So what does an apple have to do with a pineapple? I started thinking about it when someone asked me to make pineapple ice cream. I wasn’t in a hurry to fulfill that request because I didn’t have a recipe for it. Then I found pineapple-flavored cotton candy and it reminded me of sweet pineapple ice cream, which was odd because I never eat cotton candy or pineapple ice cream! But soon I found myself in the middle of trying to create a recipe and after a few small test batches, I started to think about the apple part of the pineapple name. (Click here to jump ahead to the Pineapple Ice Cream recipe.)
I realized that I have always just accepted the “pineapple” name. The “pine” part makes sense because pineapples resemble pinecones. But in no way do pineapples remind me of apples. So I read a little about the origins of the name.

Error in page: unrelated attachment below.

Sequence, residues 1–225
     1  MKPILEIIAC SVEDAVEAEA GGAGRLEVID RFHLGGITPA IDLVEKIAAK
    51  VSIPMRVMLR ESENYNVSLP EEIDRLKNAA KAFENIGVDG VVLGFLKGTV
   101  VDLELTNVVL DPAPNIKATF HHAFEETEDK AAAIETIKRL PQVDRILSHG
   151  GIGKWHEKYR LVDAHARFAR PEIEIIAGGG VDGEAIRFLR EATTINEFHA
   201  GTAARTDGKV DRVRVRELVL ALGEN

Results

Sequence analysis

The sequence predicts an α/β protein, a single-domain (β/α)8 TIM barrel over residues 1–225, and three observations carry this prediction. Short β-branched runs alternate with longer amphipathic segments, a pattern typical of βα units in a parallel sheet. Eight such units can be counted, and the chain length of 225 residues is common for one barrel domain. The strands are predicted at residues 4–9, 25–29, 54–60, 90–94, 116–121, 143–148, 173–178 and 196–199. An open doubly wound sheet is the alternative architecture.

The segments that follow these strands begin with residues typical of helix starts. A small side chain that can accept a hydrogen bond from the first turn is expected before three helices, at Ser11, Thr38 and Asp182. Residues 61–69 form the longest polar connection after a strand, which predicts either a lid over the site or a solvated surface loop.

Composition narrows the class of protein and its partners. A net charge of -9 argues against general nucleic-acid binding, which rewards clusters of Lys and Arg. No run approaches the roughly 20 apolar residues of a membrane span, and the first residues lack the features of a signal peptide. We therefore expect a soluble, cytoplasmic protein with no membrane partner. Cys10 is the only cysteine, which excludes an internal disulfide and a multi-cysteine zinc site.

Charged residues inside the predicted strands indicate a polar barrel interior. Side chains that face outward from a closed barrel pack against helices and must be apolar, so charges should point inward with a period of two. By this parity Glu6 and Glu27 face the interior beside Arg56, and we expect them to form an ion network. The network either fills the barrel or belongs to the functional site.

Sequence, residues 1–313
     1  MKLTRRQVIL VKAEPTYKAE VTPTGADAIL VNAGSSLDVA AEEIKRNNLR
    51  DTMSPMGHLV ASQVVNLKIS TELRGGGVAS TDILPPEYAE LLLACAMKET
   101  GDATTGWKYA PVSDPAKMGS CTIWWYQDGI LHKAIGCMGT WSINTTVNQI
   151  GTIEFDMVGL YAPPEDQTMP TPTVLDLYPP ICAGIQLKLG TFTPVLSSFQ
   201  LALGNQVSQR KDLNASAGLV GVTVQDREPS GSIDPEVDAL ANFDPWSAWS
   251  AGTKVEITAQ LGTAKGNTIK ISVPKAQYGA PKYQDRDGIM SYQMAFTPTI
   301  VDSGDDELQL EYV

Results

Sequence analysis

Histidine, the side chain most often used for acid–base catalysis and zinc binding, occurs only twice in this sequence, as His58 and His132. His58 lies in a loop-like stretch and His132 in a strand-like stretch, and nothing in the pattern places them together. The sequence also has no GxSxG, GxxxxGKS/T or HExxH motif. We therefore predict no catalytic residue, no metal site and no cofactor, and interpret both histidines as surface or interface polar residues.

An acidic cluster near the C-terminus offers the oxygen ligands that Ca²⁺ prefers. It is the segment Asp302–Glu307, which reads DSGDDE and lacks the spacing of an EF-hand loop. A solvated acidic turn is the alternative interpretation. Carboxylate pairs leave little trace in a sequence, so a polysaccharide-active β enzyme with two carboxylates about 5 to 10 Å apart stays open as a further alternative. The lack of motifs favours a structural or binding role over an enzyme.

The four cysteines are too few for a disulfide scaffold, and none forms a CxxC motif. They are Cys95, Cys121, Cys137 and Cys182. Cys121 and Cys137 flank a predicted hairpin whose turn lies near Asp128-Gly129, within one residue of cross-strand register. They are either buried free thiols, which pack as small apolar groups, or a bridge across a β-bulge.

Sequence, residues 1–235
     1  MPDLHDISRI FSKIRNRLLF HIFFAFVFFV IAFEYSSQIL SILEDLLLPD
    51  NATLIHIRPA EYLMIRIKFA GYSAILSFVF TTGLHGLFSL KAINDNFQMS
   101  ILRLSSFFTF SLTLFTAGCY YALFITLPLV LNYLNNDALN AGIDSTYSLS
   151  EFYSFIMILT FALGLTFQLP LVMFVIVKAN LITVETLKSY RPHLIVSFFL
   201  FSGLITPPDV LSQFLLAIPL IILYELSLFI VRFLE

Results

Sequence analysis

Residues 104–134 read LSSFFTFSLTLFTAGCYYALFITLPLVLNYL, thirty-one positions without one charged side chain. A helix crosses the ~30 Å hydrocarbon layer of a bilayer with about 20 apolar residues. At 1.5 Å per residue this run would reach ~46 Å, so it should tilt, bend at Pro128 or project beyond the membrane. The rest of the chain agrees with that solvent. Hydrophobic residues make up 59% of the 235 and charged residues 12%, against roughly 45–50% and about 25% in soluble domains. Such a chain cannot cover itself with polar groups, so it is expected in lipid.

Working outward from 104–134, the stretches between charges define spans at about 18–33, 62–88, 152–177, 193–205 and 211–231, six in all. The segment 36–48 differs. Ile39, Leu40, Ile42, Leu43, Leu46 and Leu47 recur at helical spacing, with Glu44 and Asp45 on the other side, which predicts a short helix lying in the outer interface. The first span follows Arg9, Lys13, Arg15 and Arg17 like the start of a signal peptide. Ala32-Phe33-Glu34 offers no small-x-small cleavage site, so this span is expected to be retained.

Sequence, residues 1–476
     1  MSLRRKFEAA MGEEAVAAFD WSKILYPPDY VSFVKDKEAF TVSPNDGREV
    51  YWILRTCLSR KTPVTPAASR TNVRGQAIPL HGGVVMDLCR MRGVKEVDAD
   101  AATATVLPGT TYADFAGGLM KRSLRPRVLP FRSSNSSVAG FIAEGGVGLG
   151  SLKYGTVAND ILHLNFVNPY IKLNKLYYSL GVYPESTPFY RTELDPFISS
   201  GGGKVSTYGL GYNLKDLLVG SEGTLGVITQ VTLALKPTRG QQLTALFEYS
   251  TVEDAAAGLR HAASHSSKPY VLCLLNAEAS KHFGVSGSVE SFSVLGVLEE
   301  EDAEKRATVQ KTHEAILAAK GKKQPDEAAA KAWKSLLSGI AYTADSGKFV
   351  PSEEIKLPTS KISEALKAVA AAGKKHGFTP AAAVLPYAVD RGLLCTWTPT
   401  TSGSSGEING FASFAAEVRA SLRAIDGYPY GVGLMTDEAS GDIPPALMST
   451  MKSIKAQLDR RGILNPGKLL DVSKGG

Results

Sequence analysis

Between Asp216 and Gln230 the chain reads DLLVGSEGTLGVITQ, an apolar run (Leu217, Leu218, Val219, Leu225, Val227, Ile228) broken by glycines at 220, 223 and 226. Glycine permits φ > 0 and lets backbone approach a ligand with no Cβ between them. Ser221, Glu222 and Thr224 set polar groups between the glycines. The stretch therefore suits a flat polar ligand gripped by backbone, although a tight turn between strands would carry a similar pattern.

And I found an interesting fact: Pinecones, in the 14th century, were first called pineapples. It seems that the word “apple” was used by medieval botanists to refer to any foreign “fruit” on a tree. But eventually, pinecones were determined not to be a fruit and so the sweet pineapple we eat got the name. But then there was another little twist in naming pineapples.
Before pineapples were called pineapples, they were called ananas and are still called that in many places in the world today. And although ananas is bananas without the B, the fruits aren’t related to each other. Well, this is all according to Merriam-Webster. But all this leaves me wondering how bananas got their name!